Press Release from the Wavertree Society, 3rd July 2000


The Secretary of State for the Environment, Transport and the Regions - John Prescott - has given the go-ahead for the demolition of Sandown Hall, a Grade 2 Listed Building in Olive Lane, Wavertree, Liverpool. The Secretary of State's consent for demolition is subject only to a legal agreement securing the salvage of some components of the building: the tripartite windows on the side elevations and the portico, the pediment and cornice on the south front.

Standing on the high ground of Olive Mount, three miles east of the river Mersey, Sandown Hall was built in about 1810 for Willis Earle, a wealthy coal merchant, and was later the home of Hugh Hornby, a 'Russia merchant' who was once Mayor of Liverpool. From 1930 onwards Sandown Hall served as Crawfords Biscuits staff sports and social club.

In 1990 the Hall and grounds were purchased for £700,000 by Mr George Downey, who just over two years later sold off most of the land for housebuilding, Wainhomes paying him £850,000 for the former playing fields to the north. In August 1994 Mr Downey and his partners Len Noble and Paula Appleton applied for Listed Building Consent to demolish the building, a scheme for its conversion to a nursing home having come to nothing. The Hall was at this time in good condition, and protected by round-the-clock security, but at the Wavertree Society's Annual General Meeting in October 1994 Mr Downey announced his intention of withdrawing security. "No doubt the Hall will then be vandalised", he said [1]. In March 1995 the Labour-controlled Development Control Sub-Committee of Liverpool City Council voted to grant listed building consent for demolition, on the grounds that a new 'nursing village' development on the site would create jobs. This vote was taken contrary to the Planning Officer's recommendation, and the result was a Public Inquiry held in January 1996 when the arguments for and against demolition were heard.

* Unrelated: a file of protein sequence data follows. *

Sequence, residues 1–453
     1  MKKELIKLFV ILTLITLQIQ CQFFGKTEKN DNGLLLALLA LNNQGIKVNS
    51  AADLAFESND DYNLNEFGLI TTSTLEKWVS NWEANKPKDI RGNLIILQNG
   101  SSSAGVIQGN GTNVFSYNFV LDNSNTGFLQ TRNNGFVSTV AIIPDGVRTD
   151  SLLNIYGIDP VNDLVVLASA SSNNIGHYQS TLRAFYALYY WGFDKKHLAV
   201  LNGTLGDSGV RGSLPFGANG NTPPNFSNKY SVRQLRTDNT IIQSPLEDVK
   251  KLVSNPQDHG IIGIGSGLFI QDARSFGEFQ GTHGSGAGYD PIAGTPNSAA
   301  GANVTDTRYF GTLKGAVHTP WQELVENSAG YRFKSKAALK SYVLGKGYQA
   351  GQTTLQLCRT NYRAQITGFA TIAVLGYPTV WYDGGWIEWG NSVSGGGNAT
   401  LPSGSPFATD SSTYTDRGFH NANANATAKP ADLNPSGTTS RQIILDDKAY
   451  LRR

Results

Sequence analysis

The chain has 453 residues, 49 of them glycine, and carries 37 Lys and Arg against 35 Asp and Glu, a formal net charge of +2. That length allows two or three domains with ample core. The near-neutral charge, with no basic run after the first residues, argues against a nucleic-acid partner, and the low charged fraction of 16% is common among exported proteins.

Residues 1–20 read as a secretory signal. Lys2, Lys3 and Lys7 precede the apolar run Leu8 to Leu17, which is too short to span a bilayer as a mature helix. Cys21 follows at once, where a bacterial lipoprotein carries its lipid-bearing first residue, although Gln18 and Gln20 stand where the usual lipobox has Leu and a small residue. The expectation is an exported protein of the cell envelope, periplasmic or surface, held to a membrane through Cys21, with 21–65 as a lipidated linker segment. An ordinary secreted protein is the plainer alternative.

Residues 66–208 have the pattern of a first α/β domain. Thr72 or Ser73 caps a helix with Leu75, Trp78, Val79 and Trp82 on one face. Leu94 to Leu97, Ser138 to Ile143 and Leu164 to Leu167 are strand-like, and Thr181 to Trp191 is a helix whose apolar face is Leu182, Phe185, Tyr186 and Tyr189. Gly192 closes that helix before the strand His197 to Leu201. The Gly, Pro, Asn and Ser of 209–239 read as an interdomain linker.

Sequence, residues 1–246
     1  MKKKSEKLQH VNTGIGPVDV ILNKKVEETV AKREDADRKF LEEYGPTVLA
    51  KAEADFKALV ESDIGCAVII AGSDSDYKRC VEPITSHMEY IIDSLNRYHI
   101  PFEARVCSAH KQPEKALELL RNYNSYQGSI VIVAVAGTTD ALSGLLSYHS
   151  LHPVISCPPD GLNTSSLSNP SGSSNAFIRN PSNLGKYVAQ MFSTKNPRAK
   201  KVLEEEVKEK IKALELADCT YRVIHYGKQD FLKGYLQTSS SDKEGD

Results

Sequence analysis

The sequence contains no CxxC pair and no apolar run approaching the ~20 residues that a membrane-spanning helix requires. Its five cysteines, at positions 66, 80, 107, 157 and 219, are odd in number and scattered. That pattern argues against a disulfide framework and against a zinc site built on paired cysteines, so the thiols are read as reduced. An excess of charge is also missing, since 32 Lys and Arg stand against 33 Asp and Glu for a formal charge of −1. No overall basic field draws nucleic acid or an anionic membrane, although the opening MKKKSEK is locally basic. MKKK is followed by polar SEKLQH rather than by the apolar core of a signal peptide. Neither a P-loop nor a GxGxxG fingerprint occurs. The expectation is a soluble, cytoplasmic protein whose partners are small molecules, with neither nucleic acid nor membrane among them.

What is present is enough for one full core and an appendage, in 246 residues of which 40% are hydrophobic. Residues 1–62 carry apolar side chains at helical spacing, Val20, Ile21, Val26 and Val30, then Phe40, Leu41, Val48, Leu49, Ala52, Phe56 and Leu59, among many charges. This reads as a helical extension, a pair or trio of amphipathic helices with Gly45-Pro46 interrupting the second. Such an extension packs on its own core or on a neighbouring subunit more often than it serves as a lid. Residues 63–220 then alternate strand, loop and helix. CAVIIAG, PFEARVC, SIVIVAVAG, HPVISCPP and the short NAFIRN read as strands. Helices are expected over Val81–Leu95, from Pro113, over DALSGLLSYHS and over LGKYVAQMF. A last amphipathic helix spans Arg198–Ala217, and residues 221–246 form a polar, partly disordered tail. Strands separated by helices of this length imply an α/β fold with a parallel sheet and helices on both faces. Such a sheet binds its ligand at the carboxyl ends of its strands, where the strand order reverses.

In July-August 1995 the building had been severely damaged, as a result of what the Inspector described as "some force applied to the south wall which caused serious structural instability" [2]. The Inspector recommended that listed building consent for demolition should be refused, and this recommendation was supported by the Secretary of State. The Inspector said that: "to allow demolition on cost and viability grounds alone could suggest acquiescence with owners who, for whatever reasons, have allowed a building to fall into such a dilapidated state" [3].

Then in September 1997 Mr Downey and partners submitted a second application for listed building consent. By this time the building had been severely damaged by fire - described in the press at the time as "a professional job" [4] - and the Development Control Sub-Committee again voted in favour of demolition. This time the Council's Planning Officer supported this course of action, arguing that "the current owners were instrumental in the building's demise but the proper way to demonstrate that such action does not pay is to pursue a criminal prosecution rather than to withhold approval to demolish, which would disregard the building's current condition and economic realities" [5].

At the subsequent Public Inquiry, the Wavertree Society reiterated its objection to demolition, arguing that the condition of the building was a direct result of the owners' neglect and there was no evidence of a realistic price ever having been sought. Repairs had been costed at over £1.2 million, but the owners had been offered over £400,000 for the cleared site of the Hall, so it was very unlikely that they would voluntarily part with the building. They had shown no interest in an offer from the Heritage Trust for the North West to take it off their hands with a view to restoration.

Continued ...

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